8 March 2016
One cannot help but be in awe when one contemplates the mysteries of eternity, of life, or of the marvelous structure of reality. It is enough if one tries merely to comprehend a little of this mystery every day. Never lose a holy curiosity. ~Albert Einstein
I watched my friend’s finger as it swirled around the inside of the tulip, gently pushing open the closed petals so we could peer in, her fingertip circling the stamens and brushing into the pollen clustered at the tips of the filaments. Familiar and fond as I am of flowers, as present as they are in my daily life, I wasn’t sure I had ever been so intimate with one.
Flowers are something I enjoy looking at and smelling. I bring them into my home regularly. I hike the spring hills with my friend searching for wildflowers. Yet, here was a new way to connect. Suddenly, I was eager to do the same.
I’ve been battling staleness. The repetitive, obligatory, burdensome feeling of every day life. Gratitude for good fortune didn’t shake off this trudge or the lurking question about this being all there is.
Day-to-day is repetitive. Often obligatory. Sometimes a burden. And, at times, inevitably difficult. But, the conditions of life are not the issue. The issue is how I bring myself to it. The issue is knowing each moment contains new territory. Even the familiar ones are shiny possibilities. Like the inside of a flower to be explored.
What makes something ordinary is a state of mind. With an altered point of view, the whole world changes.
The same routines, the same guy across the table at breakfast, the same basket of laundry can seem boring. But interestingly, these moments that are so easy to take for granted, or even resent, can be the ones that are missed most when they disappear. The comfort of those routines. The love and history shared with that guy. The ability to bend over and pick up a heavy basket of laundry.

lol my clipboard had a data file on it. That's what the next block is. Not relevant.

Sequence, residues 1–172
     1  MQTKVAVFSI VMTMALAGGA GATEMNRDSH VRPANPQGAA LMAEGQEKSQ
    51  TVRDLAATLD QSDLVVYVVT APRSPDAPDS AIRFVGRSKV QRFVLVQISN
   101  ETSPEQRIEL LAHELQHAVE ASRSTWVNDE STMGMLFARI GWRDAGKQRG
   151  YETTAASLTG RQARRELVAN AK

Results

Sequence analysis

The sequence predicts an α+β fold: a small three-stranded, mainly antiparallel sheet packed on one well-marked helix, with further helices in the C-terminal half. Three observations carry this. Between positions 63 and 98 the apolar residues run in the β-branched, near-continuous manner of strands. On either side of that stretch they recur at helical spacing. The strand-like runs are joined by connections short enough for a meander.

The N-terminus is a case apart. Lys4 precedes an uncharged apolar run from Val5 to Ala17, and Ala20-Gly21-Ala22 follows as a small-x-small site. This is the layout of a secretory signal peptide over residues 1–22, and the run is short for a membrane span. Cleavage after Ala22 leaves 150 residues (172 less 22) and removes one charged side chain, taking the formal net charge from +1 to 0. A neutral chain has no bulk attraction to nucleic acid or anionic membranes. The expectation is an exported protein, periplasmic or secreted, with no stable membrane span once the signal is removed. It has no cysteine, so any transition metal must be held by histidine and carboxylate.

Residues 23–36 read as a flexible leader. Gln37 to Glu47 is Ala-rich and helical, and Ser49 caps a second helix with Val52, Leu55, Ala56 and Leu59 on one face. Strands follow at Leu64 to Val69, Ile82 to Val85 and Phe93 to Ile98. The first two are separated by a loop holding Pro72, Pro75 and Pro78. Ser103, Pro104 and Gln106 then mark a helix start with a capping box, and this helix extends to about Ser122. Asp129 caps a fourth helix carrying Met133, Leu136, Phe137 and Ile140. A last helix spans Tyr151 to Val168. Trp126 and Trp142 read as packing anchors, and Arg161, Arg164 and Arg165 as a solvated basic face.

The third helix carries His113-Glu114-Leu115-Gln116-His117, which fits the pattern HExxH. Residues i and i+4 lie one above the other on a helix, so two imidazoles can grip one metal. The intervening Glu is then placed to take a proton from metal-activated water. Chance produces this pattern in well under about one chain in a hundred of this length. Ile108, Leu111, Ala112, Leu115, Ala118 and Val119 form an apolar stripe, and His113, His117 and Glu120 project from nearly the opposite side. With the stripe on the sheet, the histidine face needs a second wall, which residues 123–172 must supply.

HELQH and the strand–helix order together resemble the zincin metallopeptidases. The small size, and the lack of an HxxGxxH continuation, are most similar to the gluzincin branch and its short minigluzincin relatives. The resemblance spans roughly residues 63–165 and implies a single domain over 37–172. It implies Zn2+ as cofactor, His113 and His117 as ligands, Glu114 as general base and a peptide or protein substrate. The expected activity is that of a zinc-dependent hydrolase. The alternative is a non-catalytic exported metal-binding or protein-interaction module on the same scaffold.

The impermanence of every thing I hold dear is frightening, yet simultaneously, this is what brings me back to a freshness, an expansive appreciation. And awakens my eagerness to show up, curious and caring.
Once upon a time I acted as if I could change the way life is, just like I thought I would change the things I didn’t like in my husband. But, when I stop rejecting or judging, I’m loving my husband more, appreciating the whole package he is, learning to be with him in risky or challenging ways. Life is a similar relationship — an invitation to lean in and work with what’s there.
I believe intentions are powerful. As I clarify my understanding of life as a relationship that I help create, doors open. I see opportunities where before I saw burden or pain. I spot the opportunity to uncover something new about myself or a longtime friend. I cherish the opportunity to take someone’s hand and share uncertainty or fear.
When I’m exhausted, this is hard. When the world at large or the one very close around is painful, it doesn’t seem reasonable. But what if, like a plant in the falling rain or the flower spread open under the sun, I truly showed up to the gifts, the opportunities of the day? The joy of an unexpected phone call. The comfort of an old friend’s voice. Intimacy with the shirt in the laundry, with myself, with a flower.
What if I practiced romancing my life, lavishing it with the attention and care we give a beloved? What if I was devoted to the quotidian affair?
The petals of the tulip were cool and silky. The inner parts delicate and also resilient. It felt alive. I did, too.